Archives For Telemetry

HTTP/1.1 503 Service Unavailable

On Azure we must design with cost of operation and service constraints. I recently had an interesting event where my REST Service, deployed on a small (A1) cloud service instance, started to respond with HTTP Status Code 503 Service Unavailable.

The server is currently unable to handle the request due to a temporary overloading or maintenance of the server. The implication is that this is a temporary condition which will be alleviated after some delay. If known, the length of the delay MAY be indicated in a Retry-After header. If no Retry-After is given, the client SHOULD handle the response as it would for a 500 response. [Source: HTTP Status Code Definitions]

Faced with this interesting challenged I started looking in the usual places, which include SQL Database metrics, Azure Storage Metrics, application logs and performance counters.

Throughout my investigation, I noticed that the service was hit on average 1.5 million times a day. Then, I noticed that the open socket count was quite high. Trying to make some sense out of the situation, I started identifying resource contentions.

Looking at the application logs didn’t yield much information about why the network requests were piling up, but it did hint at internal process slowdowns following peak loads.

Working on extracting logs from Azure Table Storage I finally got a break. I noticed that the service was generating 5 to 10 megabytes of application logs per minute. To put this into perspective, the service requires enough IO to respond to consumer requests, to push performance counter data to Azure storage, to persist application logs to Azure storage and enough IO capacity to satisfy the application’s need to interact with external resources.

Base on my observations I came to the conclusion that my resource contention was around IO. Now, I rarely recommend scaling up, but in this case it made sense because the service move lots of data around. One solution would have been to turn off telemetry. But doing so would have made me as comfortable as if I were flying a jumbo jet with a blindfold on. In other words, this isn’t something I want to consider because I believe that telemetry is crucial when it comes to understanding how an application behaves on the cloud.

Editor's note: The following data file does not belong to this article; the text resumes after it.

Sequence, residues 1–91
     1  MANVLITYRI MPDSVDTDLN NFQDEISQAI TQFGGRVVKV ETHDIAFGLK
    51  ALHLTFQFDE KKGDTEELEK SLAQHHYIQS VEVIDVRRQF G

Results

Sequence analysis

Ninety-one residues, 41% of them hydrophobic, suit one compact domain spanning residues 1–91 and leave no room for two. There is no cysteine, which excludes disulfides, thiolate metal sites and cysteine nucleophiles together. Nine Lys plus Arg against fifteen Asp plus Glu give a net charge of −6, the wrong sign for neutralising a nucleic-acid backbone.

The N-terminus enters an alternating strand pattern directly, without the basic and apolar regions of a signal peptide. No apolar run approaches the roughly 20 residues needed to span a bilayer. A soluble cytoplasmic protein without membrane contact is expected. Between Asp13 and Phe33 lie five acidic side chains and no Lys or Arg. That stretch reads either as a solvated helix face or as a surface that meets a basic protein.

Just to be clear, scaling up worked in this situation, but it may not resolve all your issues. There are times when we need to tweak IIS configurations to make better use of resources and to handle large amounts of requests.Scaling up should remain the last option of your list.

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Lessons Learned – On #Azure, Log Everything!

Log everything, I mean it! If it wasn’t logged, it never happened.

So you’re probably thinking “doesn’t logging tax an application’s performance?” Absolutely, some logging frameworks can even bring down your application under load. So you really need to be careful about what you log. Therefore, we should log everything that can help us figure out what went horribly wrong. I used the past tense, because on the cloud it’s normal to fail. Never build an application without thinking of Mean Time to Recovery. In other words, how will you recover and how long will it take. Sometimes, when you start on a fresh project, you can only plan for the obvious cases. That means that we have a lot to learn from a brand new application. So in order to facilitate this learning process, I urge you to log anything that can help the DevOps that will get a phone call late at night. Who knows… you might be the one supporting this application.

Take a moment and think about your system. What would you need to know, to be able to identify what went wrong?

Running applications on the cloud without meaningful logs is like flying an airplane without windows or instruments. We know we’re going somewhere… well we think we’re going somewhere. But really where are we going? Is the engine on? Are we climbing or descending? How high are we?

Are these questions making you uneasy?

Let’s think about our applications, do we really know what’s going on? Sure we have performance counters around CPU, Network, Memory and Disk utilization. But what kind of information does that really provide about our application? Knowing that a Virtual Machine (VM) is running, is like being on an airplane without knowing where we’re going. Having meaningful logs provides us with the insights required to know where we’re going. Continue Reading…